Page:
Tips to help prevent West Nile virus
NEW YORK (WABC) -- May marks the beginning of mosquito season, and already states such as Pennsylvania and California are reporting their first cases of West Nile virus.
And prevention methods have already started here in our area. So what can you do to protect yourself?
Since West Nile first appeared in the United States 12 years ago, many people became infected and more than 1,000 have died. We've learned a lot about this mosquito-borne illness since then, and how to cope with it.
Because we had a relatively mild winter, mosquitoes are expected to be out in force this year. To combat the virus, prevention methods began this week in Westchester County. And New York City health inspectors are fining homeowners who leave standing water on their property.
The problem can be deadly, especially for people with poor immune systems. Signs of West Nile are much like the flu, and symptoms include headaches, aches and pains, extreme exhaustion, fever and disorientation.
So how can you avoid the annoying and potentially dangerous mosquitoes?
Always remember these insects love water. They breed in it, so cut down on standing water.
"Anything that might hold water, like a saucer on a pot plant on a terrace, a child's paddling pool, just drainage in the garden, you want to make sure there's no standing water around," one health expert said.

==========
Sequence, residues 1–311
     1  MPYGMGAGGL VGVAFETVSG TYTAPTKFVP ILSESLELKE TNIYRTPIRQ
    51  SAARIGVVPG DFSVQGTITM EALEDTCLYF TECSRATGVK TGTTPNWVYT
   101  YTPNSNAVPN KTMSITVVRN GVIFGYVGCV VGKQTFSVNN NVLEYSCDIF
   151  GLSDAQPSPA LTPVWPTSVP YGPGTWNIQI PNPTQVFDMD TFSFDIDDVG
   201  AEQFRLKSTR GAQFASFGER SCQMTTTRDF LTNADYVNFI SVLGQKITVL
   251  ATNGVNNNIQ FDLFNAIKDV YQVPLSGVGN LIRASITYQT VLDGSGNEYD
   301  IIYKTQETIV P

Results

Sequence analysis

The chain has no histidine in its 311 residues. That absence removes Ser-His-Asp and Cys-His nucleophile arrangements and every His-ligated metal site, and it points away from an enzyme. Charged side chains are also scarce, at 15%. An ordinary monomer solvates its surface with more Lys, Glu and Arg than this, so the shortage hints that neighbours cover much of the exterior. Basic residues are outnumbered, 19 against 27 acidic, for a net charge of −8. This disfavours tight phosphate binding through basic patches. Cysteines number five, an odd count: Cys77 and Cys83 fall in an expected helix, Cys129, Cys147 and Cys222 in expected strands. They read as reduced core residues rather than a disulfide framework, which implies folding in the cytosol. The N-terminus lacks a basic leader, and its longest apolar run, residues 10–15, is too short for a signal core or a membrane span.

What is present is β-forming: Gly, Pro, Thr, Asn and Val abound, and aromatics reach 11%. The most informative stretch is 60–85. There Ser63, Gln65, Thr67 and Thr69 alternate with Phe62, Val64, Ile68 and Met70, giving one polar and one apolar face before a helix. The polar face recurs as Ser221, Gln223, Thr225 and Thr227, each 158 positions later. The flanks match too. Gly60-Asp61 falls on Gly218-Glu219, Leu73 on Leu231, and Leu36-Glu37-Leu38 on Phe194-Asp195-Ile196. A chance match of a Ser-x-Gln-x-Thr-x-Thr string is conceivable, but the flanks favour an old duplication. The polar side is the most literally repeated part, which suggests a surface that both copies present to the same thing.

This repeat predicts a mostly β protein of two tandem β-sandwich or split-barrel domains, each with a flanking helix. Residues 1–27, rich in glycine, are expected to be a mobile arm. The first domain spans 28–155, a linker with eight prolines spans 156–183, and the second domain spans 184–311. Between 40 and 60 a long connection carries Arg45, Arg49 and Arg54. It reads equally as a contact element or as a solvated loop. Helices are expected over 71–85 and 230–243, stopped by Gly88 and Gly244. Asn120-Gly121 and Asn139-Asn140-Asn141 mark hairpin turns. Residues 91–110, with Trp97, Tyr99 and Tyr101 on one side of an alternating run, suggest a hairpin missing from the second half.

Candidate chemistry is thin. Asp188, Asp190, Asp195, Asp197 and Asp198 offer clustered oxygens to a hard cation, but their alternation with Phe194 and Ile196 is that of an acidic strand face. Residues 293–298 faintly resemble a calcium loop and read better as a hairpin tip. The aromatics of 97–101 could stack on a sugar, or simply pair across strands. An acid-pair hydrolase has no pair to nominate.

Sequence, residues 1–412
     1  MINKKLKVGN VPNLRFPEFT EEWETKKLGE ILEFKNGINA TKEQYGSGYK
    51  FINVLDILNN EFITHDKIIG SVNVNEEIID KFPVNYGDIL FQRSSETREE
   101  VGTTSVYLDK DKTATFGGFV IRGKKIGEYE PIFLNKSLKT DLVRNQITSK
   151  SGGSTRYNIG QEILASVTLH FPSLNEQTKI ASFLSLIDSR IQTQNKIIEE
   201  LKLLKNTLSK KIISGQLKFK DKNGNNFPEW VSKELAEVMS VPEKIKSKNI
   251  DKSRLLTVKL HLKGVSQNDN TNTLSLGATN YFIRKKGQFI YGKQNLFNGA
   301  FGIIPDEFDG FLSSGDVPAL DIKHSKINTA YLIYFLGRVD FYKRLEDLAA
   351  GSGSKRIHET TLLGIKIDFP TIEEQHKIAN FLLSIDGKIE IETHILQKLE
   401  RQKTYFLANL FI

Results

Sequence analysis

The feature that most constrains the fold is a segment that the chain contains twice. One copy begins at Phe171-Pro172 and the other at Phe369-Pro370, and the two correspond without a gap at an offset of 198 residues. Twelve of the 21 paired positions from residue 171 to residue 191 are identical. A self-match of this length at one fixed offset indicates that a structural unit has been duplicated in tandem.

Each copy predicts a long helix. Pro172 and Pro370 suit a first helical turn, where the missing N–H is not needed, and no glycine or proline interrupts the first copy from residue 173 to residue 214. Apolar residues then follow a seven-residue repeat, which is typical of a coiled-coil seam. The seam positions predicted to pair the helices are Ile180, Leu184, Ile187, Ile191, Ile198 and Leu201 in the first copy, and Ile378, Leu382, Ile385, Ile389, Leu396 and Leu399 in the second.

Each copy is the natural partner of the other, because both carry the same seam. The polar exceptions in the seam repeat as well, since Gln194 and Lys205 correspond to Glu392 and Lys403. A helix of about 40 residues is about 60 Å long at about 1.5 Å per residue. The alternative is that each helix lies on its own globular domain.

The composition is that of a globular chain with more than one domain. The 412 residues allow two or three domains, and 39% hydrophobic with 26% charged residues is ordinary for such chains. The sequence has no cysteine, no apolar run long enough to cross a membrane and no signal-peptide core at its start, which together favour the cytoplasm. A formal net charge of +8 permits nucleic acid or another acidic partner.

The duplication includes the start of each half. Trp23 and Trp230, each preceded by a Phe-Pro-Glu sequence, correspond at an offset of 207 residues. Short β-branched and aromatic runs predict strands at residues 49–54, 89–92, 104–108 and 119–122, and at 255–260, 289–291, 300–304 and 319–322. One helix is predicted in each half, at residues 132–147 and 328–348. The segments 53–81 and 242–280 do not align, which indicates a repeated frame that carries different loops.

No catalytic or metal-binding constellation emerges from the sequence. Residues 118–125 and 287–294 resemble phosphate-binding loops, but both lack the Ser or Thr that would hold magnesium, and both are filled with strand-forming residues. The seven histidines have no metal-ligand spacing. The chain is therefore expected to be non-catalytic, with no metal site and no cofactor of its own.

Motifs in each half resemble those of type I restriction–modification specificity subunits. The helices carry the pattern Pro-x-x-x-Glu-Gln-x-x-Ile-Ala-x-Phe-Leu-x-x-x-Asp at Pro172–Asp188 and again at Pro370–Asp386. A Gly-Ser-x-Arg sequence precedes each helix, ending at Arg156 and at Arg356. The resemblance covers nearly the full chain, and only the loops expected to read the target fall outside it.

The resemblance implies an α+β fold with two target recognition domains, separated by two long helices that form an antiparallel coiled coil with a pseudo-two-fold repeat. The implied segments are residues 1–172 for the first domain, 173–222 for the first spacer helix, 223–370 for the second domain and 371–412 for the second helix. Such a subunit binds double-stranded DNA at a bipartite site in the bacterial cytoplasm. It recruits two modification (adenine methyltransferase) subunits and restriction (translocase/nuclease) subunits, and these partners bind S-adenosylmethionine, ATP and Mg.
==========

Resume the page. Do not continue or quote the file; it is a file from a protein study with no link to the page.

You can also try to wear long sleeves and long pants during the hours when mosquitoes are out, usually during the dawn and dusk hours. And use bug spray and bug lanterns to keep them away. ---
Some people experience only mild flu-like symptoms after contracting West Nile virus, but the infection can cause meningitis or encephalitis, which can result in a potentially fatal inflammation of the brain or spinal cord.
Reducing Exposure to Mosquitoes
If you think you have symptoms of West Nile virus, see your doctor right away. The most common symptoms are headache, fever and extreme fatigue. For more information about West Nile virus, and how to avoid it, visit the Health Department website at www.nyc.gov/health or call 311.
Information on West Nile virus surveillance is available at http://www.nyc.gov/html/doh/html/wnv/wnvrrs.shtml/a>.
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